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Flt Sgt Copping's P-40 From The Egyptian Desert

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  • Bruce
    Independent analyst
    • Jan 2000
    • 10226

    We can't know - there were at least three proposals to repatriate the aircraft, and for whatever reason a particular route was chosen. The fundamental problem was the Arab Spring, which led to a change of government, and a change of approach in the country. None of us could have foreseen it. I think its fairly obvious now that the aeroplane will stay where it is, whatever we think about it. A missed opportunity - but perhaps one that was never going to materialise, whatever happened.

    Comment

    • QldSpitty
      Rank 5 Registered User
      • Apr 2006
      • 2628

      Is it me or does every recovery from a third world country end this way..
      "If the C.O. ask's you to be Tail End Charlie...just shoot him!!!....A Piece of Cake.
      http://spitfirea58-27.blogspot.com.au/

      Comment

      • Fournier Boy
        Rank 5 Registered User
        • Mar 2007
        • 1047

        Very well said Bruce

        FB

        Comment

        • TonyL1962
          Rank 5 Registered User
          • Mar 2014
          • 84

          The aircraft is where it should be - on display in Egypt, at a museum in the area of the conflict in which it participated (even if the 'restoration' leaves much to be desired). It seems rather presumptuous to assume that in the 21st century a western country can just remove historic artifacts from someone else's sovereign territory. The official Egyptian policy is no removal of historic artefacts - and it would have been an international scandal of note if the RAFM had removed the aircraft from the country illegally. That surely was completely foreseen and I find it shocking the number of people on this forum who seem to think it would have been alright to have the aircraft spirited away to the UK - it's abandoned in someone else's country, the days of taking stuff we want are long past!

          If the aircraft had remained much longer at the crash site it would have been looted either for illegally-saleable artefacts or for scrap - later photos show some significant damage in the cockpit. So leaving it there was rapidly becoming not an option, and the RAFM funded a recovery and took what was in reality a very long shot on the possibility of obtaining the aircraft - well done to them, it got recovered, but it's a pity that they (or other people) provided no advice on the restoration/conservation of the airframe if it stayed at El Alamein.

          What seems to be forgotten is that WW2 in North Africa was not an Egyptian war, it was a war between the then superpowers who romped back and forth along the north African coastal plain causing absolute chaos for the local populations. From an Egyptian point of view this is not a war that they take much 'ownership' over or can be expected to expend much effort over commemorating or preserving - it's interest to them is in the attraction to foreign tourists from the nations who participated in the war, who are in a minority to those interested in the ancient Egyptian relics which are also the more historically important relics from the perspective of the evolution of human society (so that's where both Egyptian and most foreign funding go). There's a limited museum at El Alamein and to do better requires better funding - I would suggest that this should be funded from the nations whose participation in the war it commemorates, and who have greater investment in remembering the conflict. This development of local museums would be far more worthy than taking artifacts off for display in London, or wherever.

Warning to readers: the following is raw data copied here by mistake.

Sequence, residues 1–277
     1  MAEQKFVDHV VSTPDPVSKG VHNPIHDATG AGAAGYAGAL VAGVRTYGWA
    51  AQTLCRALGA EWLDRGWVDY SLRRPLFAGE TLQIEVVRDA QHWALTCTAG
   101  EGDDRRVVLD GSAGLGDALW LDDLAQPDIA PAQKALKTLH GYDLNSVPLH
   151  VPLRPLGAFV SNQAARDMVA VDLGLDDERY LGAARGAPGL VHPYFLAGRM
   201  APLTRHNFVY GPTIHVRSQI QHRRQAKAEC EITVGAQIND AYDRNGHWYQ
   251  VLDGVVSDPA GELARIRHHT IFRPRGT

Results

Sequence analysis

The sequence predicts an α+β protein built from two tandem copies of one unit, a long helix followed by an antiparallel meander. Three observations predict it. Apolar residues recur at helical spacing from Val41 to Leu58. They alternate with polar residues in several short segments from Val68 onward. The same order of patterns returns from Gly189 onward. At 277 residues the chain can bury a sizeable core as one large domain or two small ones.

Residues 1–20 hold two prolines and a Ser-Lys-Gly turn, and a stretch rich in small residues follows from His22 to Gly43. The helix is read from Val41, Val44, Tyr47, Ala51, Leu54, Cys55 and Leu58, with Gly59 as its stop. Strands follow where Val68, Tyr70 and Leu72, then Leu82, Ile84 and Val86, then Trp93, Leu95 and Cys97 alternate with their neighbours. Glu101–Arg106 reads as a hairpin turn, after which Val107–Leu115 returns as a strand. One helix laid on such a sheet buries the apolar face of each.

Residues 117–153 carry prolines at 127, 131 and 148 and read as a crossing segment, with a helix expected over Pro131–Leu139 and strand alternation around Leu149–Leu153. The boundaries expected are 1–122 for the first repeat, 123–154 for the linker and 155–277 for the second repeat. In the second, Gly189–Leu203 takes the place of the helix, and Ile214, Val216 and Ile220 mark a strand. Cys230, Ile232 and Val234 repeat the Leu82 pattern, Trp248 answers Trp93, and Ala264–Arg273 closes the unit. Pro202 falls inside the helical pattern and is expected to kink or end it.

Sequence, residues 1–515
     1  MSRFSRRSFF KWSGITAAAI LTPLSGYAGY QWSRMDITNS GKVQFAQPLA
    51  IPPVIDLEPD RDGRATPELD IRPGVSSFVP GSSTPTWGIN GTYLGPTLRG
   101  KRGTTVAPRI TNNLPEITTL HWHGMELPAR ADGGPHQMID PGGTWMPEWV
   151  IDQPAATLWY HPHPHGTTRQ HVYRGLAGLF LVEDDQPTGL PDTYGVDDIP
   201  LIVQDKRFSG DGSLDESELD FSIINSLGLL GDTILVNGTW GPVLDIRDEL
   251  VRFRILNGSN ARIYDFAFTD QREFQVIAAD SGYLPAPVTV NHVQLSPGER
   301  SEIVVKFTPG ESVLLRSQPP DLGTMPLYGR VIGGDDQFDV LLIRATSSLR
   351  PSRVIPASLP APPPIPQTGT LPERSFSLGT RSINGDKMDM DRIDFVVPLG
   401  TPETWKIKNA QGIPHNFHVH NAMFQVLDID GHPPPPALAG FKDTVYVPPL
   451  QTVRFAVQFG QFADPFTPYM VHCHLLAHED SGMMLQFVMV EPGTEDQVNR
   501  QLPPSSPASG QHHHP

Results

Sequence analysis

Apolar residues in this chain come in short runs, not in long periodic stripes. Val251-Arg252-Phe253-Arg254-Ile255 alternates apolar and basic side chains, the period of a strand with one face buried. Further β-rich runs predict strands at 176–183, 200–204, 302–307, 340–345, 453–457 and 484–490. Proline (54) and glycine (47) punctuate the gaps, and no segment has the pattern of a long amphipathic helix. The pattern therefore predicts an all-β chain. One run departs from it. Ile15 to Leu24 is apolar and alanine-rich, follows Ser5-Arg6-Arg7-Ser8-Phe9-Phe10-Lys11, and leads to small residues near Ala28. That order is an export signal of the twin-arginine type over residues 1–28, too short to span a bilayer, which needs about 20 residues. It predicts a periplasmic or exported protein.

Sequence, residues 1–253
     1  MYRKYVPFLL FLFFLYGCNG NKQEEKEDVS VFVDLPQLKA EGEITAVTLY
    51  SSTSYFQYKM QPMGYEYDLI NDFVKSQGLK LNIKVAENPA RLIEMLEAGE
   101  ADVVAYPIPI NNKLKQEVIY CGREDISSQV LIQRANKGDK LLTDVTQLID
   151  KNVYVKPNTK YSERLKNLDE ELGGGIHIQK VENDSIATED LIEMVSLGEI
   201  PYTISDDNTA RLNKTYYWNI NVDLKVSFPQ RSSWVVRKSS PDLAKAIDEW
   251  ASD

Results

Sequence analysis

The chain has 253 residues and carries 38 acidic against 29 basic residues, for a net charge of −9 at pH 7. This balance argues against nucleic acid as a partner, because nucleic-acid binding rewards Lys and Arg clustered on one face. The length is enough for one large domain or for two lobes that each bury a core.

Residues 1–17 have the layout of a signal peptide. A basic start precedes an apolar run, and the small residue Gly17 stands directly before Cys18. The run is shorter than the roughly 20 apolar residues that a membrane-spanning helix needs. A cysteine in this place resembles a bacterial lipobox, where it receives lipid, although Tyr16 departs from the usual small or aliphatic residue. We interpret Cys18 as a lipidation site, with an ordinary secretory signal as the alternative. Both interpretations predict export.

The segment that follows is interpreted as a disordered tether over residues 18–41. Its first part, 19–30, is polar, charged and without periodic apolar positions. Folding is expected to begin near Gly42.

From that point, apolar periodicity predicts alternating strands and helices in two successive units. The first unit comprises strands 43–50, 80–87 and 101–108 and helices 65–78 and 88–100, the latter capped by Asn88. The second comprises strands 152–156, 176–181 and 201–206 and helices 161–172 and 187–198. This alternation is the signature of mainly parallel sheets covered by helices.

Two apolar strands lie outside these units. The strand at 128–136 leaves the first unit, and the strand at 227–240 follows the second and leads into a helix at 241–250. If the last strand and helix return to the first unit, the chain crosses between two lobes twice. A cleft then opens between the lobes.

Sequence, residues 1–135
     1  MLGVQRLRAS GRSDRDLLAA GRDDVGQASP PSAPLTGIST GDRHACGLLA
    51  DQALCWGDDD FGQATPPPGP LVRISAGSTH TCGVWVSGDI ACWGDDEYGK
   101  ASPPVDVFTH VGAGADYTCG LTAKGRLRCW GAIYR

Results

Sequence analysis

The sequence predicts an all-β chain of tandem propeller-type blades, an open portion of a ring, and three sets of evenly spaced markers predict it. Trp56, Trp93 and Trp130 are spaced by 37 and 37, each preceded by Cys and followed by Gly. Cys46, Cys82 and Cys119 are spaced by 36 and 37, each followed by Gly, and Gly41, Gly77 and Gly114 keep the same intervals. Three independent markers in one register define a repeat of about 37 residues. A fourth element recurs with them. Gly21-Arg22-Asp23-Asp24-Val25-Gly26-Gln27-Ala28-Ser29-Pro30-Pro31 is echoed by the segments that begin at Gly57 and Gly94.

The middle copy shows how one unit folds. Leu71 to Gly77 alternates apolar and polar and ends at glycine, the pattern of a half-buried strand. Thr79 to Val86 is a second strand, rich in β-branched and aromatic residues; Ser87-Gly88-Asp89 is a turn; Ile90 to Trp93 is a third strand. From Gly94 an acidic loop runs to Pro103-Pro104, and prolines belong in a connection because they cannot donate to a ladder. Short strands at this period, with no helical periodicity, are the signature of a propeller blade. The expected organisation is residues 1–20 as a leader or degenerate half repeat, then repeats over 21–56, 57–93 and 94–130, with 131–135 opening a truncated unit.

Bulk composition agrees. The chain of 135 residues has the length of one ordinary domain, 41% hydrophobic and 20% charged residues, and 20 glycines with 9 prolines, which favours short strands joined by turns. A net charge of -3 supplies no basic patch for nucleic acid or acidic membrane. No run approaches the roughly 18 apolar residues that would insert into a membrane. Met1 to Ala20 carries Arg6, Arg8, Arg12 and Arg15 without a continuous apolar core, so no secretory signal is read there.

Comment

          • Propstrike
            Rank 5 Registered User
            • Mar 2004
            • 4010

            That is a pretty good summary.

            Comment

            • RAFRochford
              Rank 5 Registered User
              • Feb 2006
              • 916

              TonyL1962;

              That's probably the most balanced and sensible comment I've read so far on this entire thread. There isn't really any part of your summary that can be disagreed with. Understandably, this saga has seen many emotions and opinions expressed. Your words, for me at least, has put it all in perspective. Maybe the RAFM could fund a new information board for the exhibit explaining Flt Lt Copping's connection to the airframe, and gift it to the museum. Just a thought.

              Best regards;
              Steve
              (Grandson of a Desert Rat and ex LRDG...who once told me that the "other side" used hapless locals as range finders on their positions in North Africa. As you rightly said, it wasn't even their war!)